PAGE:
SERMON PREACHED AT CHRIST CHURCH, WHANGAREI
FIRST SUNDAY OF LENT
10th February 2008
Gen. 2.15-17, 3.1-7
Gen. 2.15-17, 3.1-7
We do violence to Matthew’s intentions if we dwell too much on the actualities of this poetic tale. We need only ask where the Satan of the tale would find a high enough mountain to see ‘all the kingdoms of the world and their splendour’ to know that we are being invited here to a poetic rendition of the temptations faced by Jesus, and, to a lesser degree, by every human being. All power corrupts, and absolute power corrupts absolutely, said Lord Acton, a little over a century ago. The New Testament writers knew that too: so they tell us a story of the one who remained and remains uncorrupted. Few of us will ever know much power in our lives, but tragic stories of abuse within the church and other communities remind us that Lord Acton’s and Paul’s and Matthew’s and the author of Genesis’ insights into human corruptibility are timeless. Given the chance, we just might do the wrong thing, exploit others, advance our own ends at the cost of the needs of those around us.
In fact we probably need to pause for a moment on the whole question of Satan. The Hebrew scriptures mention Satan, at least by that name in only fourteen times, spread across three books, 1 Chronicles, Job, and Zechariah, but mainly in Job. In each case he does not resemble the underworld figure who becomes known to us in the Christian scriptures and subsequent writings, the opponent of God, seeking to capture the unsuspecting and unprepared, to lure them from salvation to the depths of Hell. We need to be careful in Christian preaching: so much of what is said in churches seems to suggest that God is trapped in an even struggle with an equal being, a struggle we hope God will win, but still …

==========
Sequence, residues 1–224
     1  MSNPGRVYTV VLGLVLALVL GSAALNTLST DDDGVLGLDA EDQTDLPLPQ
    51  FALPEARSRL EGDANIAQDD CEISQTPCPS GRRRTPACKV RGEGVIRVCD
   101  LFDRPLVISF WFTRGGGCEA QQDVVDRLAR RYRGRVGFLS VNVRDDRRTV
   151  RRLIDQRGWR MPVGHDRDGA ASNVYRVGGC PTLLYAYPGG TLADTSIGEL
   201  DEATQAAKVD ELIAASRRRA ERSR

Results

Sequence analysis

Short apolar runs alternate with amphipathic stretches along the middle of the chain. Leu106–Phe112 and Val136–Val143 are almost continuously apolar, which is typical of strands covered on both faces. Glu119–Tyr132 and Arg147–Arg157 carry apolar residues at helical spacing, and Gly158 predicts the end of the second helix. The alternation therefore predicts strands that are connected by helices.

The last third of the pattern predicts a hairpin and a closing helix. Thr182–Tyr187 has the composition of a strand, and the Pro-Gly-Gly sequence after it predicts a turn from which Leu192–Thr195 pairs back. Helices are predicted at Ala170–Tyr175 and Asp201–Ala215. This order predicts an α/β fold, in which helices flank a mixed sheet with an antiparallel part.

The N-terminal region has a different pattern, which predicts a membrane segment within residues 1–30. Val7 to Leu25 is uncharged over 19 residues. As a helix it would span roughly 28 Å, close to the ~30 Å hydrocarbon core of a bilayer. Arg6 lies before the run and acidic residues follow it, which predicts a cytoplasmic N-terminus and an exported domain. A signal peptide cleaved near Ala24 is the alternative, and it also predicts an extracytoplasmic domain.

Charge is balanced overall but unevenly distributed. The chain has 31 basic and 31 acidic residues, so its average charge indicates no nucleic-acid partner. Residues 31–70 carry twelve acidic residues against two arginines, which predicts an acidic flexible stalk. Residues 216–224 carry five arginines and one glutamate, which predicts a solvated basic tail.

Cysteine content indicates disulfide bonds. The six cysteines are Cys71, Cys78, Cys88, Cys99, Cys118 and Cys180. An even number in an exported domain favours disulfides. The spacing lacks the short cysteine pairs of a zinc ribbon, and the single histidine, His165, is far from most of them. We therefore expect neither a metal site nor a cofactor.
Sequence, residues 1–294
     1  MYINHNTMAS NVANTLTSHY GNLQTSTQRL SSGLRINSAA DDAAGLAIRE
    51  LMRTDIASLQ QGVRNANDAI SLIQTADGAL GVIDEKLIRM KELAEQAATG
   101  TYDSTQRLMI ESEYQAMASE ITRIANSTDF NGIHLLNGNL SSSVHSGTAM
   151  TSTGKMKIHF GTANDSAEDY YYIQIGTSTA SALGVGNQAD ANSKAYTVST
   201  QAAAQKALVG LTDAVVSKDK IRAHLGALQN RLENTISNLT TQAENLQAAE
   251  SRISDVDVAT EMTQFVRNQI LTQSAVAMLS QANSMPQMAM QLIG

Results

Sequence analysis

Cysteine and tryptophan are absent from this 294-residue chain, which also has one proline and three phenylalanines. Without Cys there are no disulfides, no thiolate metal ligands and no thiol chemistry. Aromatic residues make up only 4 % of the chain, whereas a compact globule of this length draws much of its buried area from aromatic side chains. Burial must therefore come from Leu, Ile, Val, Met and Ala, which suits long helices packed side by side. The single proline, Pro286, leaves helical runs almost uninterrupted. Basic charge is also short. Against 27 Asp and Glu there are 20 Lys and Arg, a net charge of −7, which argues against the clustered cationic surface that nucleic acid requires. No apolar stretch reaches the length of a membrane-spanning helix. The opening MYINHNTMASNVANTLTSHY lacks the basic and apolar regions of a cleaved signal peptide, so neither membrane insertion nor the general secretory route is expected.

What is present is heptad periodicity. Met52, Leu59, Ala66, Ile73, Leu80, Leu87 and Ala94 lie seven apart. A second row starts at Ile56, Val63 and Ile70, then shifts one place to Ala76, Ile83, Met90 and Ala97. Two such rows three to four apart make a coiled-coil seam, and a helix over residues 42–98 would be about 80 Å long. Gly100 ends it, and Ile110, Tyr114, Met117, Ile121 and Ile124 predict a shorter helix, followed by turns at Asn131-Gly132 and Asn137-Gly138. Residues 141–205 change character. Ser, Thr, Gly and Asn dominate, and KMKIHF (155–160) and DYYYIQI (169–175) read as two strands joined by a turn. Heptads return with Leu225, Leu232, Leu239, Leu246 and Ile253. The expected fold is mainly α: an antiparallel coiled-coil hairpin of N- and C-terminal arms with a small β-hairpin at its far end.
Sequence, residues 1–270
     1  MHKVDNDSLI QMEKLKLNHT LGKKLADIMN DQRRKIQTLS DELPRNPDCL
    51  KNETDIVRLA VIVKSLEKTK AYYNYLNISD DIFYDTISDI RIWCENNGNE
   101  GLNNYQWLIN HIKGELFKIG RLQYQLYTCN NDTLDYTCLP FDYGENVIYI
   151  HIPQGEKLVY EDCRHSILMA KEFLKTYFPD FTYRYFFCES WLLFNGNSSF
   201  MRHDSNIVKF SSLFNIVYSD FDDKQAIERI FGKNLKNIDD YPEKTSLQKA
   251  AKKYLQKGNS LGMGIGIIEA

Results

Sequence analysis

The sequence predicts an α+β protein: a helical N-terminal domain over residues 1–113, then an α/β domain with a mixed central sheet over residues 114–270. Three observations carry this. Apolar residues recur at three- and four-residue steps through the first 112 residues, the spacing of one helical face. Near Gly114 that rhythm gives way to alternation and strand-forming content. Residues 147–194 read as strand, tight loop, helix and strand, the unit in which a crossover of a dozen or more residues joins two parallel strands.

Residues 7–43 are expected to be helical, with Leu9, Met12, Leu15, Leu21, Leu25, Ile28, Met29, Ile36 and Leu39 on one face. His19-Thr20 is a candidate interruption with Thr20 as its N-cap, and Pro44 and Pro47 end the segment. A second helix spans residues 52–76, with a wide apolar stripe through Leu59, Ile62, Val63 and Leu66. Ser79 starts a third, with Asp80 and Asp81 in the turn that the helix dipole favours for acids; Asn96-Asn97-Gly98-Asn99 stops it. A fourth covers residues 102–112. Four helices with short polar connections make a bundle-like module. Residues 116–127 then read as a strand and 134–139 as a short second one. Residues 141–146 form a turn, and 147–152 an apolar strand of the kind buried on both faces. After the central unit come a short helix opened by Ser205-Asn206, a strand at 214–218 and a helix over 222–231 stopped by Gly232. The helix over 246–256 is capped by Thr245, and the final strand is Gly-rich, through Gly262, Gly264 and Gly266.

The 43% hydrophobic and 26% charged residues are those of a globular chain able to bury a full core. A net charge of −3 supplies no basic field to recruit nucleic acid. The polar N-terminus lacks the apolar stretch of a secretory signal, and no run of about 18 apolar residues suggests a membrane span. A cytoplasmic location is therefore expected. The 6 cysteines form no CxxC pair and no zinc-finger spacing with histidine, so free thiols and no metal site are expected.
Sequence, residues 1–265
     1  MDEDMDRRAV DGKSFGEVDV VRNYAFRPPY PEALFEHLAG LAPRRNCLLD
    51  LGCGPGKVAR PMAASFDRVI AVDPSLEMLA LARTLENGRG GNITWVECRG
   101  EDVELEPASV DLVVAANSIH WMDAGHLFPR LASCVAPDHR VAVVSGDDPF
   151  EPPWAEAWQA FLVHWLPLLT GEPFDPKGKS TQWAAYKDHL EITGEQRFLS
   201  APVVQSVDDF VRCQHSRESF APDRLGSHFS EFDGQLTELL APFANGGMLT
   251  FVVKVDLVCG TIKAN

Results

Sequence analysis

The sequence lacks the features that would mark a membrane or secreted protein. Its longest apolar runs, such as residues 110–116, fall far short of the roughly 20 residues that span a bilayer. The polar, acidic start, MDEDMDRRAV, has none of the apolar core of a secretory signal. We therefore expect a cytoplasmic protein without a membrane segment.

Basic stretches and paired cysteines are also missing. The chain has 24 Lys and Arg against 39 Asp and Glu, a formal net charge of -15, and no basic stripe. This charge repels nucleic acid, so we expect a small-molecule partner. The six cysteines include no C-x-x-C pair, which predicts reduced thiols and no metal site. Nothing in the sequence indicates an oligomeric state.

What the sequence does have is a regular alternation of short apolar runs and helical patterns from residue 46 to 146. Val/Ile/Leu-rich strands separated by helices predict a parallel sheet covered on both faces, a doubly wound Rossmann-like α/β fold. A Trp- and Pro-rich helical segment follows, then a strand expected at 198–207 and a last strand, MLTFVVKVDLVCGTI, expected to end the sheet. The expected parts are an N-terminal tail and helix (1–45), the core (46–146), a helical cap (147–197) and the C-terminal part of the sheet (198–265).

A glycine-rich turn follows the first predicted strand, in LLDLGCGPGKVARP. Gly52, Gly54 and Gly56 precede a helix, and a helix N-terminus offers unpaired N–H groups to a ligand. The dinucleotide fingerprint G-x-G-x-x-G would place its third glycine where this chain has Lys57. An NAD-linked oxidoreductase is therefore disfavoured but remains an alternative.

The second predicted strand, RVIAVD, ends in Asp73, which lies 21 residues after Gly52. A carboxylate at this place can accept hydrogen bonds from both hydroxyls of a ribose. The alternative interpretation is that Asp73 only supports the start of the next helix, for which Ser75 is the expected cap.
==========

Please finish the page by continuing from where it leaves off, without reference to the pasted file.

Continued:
The temptation story, whether it be of the supremest being, or of you or me, is a story of proportions. I am unlikely to take seriously a temptation to possess the nations of the world, but I could presumably be tempted to turn faith into entertainment, to cheat on Anne and on my family by betraying my marriage vows, to slip out of a shop without paying: these are the temptations of the smaller players. Should I tell the tax man everything? Should I hand that purse into the police station? Should I run the gauntlet of breathalyzers after one drink too many? These are the smaller temptations experienced in my smaller life, yet I no more nor less than the president of the USA, need the help of God to stay on the right side of the equation. We remember also the temptations of scientists to, for example, play God: it is heartening to know that those scientists who have been championing the creation of embryos in the name of medical research and especially cell regeneration are finding that their method is being squeezed out of the medical equation by rising costs and by the better medical performance of less morally tenuous options.
I normally keep whanau out of the tellings of my faith, but perhaps I can tell one story? I was fifteen at the time, and my mother and I were staying in a motor camp in Aramoho, on the Whanganui river banks. One night, in her hurry to get me back to boarding school, she backed into the electric power supply pole for the caravan parks, knocking it out of the ground. For a moment or two she wrestled with her conscience. No one had seen her, after all. But conscience, that delicate flower within us that we can all too easily extinguish, won the day. She fronted up to the manager and told him her sorry tale. ‘Good God!’ he said. He repaired posts knocked over by campers on a weekly basis, but not once in his career had someone bothered to come and tell him they had knocked one down. I was very proud of her that day – even if I didn’t at that stage believe in the peculiar God she believed in!
For most of us the temptations of Jesus are not about empires, but about power supply poles in caravan parks. Nevertheless, it is only by the stirrings of God that we are able to whisper ‘get thee behind me Satan’, and so live lives of which we can be proud all the time.